Wednesday, 9 September 2009

where the wild things are. Or aren't

Our landlady had booked a wildlife tour for us. So the next morning Tricia and I are standing in the village car park, the rendezvous for our day out, shielding ourselves from a sudden, savage, but thankfully fleeting downpour, when a minibus skids to a halt and out comes our guide. But that's not a local accent! No, it certainly isn't; our guide is Brian - from Newcastle, our home town. Geordies, like Australians, get everywhere. He and his partner Joy came to Mull several years ago, and now run the Pennyghael Village Stores. Brian gets the arduous task of going birdwatching every day while Joy minds the shop. He's cracked the work-life balance thing, I'd say.

We are issued with binoculars, and asked what we'd like to see today. No promises are given that we will see anything at all. I say "Big birds! Eagles!" and Tricia says "A stag!" and off we go.
Within 5 minutes, we all tumble out of the van, and watch a white-tailed eagle soaring above the hills. Just a speck in the sky, it eventually settles on a rock, Brian gets out the telescope, we ooh and aah like the excitable novices we are, and a photograph of this handsome bird is taken by placing my camera up against the eyepiece of the telescope. Fuzzy but strangely satisfying.



Later on, I mention that I should like a photograph of a Highland cow. Yes, I'm a nostalgic twit from a city, and Highland cows remind me of those tooth-rotting bars of toffee we bought in childhood for twopence.



These cows aren't necessarily rare and thrilling creatures to discover en route, but still pretty impressive. They amble near to us, chewing noisily, but seem happier to have their large rear ends photographed than their large amiable faces.





There are buzzards everywhere, often on telegraph poles, as here. Sometimes they watch us as we gaze upwards. They look unmoved.


Hairy caterpillars cross our path.
There's not much traffic to worry about here, but still, I do, and am relieved when this one makes it safely across the narrow road.


I don't take many pictures; this is a day to be experienced, taken into the mind and heart, rather than captured in amateur snaps. For a long time, we watch an otter - how surprisingly big otters are! like a medium dog - diving, fishing, head and forepaws emerging to eat its catch, but not venturing onto the rocks as we hope. But with binoculars, we are close enough to see its stiff bristling whiskers as it chews its fish.

We fail to see adders. Tricia is relieved; living in Australia, snakes and spiders are not her favourite creatures. There are two large mountain hares that take me forever to spot on the rocks; they have haughty, disapproving
expressions; Lady Bracknell sucking a lemon.

We see deer, and eventually, again on a high crag, stags against the skyline, and use the telescope once more to capture a fuzzy image. Tricia would have loved a closer encounter, but these happen only in winter when the deer are fed by humans - our hosts at the guest house undertake this task, and have wonderful close-up photographs of stags in the wintry mist, taken from a few feet away.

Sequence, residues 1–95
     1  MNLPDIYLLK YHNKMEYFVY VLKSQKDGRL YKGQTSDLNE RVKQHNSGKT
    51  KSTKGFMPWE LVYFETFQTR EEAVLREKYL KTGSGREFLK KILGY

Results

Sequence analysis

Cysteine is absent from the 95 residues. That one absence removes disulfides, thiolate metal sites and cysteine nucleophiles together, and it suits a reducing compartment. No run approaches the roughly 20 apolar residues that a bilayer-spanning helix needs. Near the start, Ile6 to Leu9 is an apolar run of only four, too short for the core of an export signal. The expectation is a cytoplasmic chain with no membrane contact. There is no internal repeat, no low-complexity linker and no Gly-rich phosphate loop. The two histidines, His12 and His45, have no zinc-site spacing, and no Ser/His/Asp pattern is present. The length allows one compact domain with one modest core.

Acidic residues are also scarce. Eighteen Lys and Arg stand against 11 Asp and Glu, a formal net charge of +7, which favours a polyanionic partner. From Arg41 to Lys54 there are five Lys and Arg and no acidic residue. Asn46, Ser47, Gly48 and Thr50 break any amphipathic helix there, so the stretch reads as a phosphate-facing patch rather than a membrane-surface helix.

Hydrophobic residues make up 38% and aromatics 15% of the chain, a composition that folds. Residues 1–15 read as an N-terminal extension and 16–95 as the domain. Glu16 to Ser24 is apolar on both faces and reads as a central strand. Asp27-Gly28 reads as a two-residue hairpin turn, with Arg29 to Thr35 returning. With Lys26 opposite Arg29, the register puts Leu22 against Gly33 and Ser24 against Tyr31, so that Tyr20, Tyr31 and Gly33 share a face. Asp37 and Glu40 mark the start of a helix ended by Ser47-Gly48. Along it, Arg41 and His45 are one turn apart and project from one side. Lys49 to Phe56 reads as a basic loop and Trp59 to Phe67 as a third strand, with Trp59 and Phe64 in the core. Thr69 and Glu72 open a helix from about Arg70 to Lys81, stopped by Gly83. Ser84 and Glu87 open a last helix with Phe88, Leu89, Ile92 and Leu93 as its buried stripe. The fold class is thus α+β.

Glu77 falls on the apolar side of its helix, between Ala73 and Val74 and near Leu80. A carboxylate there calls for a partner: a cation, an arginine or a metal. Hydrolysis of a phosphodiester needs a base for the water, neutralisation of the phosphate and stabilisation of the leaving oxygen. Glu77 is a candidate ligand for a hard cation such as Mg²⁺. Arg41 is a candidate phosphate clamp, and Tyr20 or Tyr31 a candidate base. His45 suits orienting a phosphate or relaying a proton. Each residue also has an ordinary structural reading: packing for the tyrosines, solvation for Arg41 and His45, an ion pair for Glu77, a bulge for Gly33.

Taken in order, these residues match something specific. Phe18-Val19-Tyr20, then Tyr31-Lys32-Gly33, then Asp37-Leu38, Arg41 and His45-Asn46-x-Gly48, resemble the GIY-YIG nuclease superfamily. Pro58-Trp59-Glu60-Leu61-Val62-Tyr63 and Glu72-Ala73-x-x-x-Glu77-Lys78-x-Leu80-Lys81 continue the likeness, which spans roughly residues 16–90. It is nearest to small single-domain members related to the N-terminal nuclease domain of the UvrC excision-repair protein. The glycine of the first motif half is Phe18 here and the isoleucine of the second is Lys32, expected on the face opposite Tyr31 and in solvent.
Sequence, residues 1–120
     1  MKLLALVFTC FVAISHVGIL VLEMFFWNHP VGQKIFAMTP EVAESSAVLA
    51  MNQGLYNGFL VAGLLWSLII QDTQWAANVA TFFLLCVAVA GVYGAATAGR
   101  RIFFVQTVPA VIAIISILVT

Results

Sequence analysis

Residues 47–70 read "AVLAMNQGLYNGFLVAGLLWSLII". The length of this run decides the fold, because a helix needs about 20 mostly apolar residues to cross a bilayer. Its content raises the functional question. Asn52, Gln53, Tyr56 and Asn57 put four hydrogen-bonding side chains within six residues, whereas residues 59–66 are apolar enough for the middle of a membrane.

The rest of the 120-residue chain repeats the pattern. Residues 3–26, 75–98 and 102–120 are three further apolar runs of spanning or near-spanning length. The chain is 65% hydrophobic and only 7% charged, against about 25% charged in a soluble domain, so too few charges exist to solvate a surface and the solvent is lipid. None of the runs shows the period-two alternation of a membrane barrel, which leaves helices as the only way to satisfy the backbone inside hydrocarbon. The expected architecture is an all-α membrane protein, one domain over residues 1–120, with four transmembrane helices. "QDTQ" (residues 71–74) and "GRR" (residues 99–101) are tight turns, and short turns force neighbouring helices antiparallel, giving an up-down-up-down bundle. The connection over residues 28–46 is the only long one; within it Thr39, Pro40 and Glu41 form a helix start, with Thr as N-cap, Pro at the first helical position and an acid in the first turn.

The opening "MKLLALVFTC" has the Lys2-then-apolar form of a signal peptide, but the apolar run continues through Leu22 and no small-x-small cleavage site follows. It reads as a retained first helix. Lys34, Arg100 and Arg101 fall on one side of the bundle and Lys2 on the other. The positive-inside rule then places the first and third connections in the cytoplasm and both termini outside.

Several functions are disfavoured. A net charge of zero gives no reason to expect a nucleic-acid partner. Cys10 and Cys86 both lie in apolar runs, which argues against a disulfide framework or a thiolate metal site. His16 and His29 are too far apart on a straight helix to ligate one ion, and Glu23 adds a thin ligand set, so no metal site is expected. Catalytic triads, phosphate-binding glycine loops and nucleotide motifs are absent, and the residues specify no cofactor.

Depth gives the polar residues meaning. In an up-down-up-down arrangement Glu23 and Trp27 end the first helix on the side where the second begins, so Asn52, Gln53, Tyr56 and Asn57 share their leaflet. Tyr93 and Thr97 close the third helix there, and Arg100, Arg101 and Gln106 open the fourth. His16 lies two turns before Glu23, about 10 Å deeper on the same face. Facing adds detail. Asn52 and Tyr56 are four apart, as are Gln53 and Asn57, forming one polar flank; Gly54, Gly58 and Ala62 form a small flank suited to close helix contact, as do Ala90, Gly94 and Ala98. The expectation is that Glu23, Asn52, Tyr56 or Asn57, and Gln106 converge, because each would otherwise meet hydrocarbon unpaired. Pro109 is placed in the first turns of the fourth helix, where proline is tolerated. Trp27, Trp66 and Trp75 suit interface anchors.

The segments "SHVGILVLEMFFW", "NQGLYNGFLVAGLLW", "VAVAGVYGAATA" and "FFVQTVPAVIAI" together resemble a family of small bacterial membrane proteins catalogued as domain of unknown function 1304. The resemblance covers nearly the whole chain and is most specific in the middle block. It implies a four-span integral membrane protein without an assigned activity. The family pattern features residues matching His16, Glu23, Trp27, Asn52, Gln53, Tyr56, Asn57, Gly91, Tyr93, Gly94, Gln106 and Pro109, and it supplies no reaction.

This will have to do.


We have a delightful day, learning, exclaiming, marvelling, and developing our skills in focusing binoculars and quickly locating what invariably starts out as a speck visible only to Brian. We see golden eagles, and learn to distinguish their wing shape from that of the white-tailed eagles. There are a great number of other, smaller birds, whose names now escape me, although we keep a list. We gaze and absorb; lists don't matter.

Tricia manages to get in and out of the van many times, nimbly and without complaining about pain and the heavy sliding door; as ever, she is stoical about her arthritis, her two hip and one shoulder replacements. We have a sandwich lunch standing outside the van; we ask patient Brian a million questions. We drive up and down the winding roads, stunning and varied views on all sides. It is such a treat to be driven around by someone else!


Despite the continual challenge of managing cameras, specs, binoculars and occasionally our naked eyes, we manage rather well. Tricia swears that she is going to get herself binoculars when she returns to bird- and wildlife-rich Australia; I consider borrowing the ones that the Lovely Son was so underwhelmed to receive last Christmas. I could watch Millie's reconnoitring of other people's back yards.

We see the weather coming and going.


Lucky for us that we have a van to shelter inside for a few minutes.


And then all is calm.

Eventually it's time for us to hand back the binoculars, and go home. What a brilliant, fascinating, informative day out for two 60-year-old city-dwellers!

7 comments:

judy in ky said...

That cow is just like my cat. Every time I point the camera at her, she turns her back on me.

Isabelle said...

I've so enjoyed your little holiday. I must go back to Mull some day. I love islands and we have so many of them in Scotland. I would so hate to live far away from the sea.

Eagerly awaiting kitten pictures!

rogern said...

What a fantastic day. the stag photo viewed full size is lovely.

colour palette like Harris Tweed.

Linda said...

What a wonderful trip. I'm quite jealous.
I especially love the last photo.

liZZie said...

Life is so rich eh? The minds eye image of the otter and the final photo are my favs from this lovely post.

Thursday said...

A lovely, lovely, day, beautifully conveyed.

Lesley said...

I want to go now!! You really captured the day and I'm glad you took some snaps, especially the alst one, just to add to the flavour. Lovely stuff.

Lesley x

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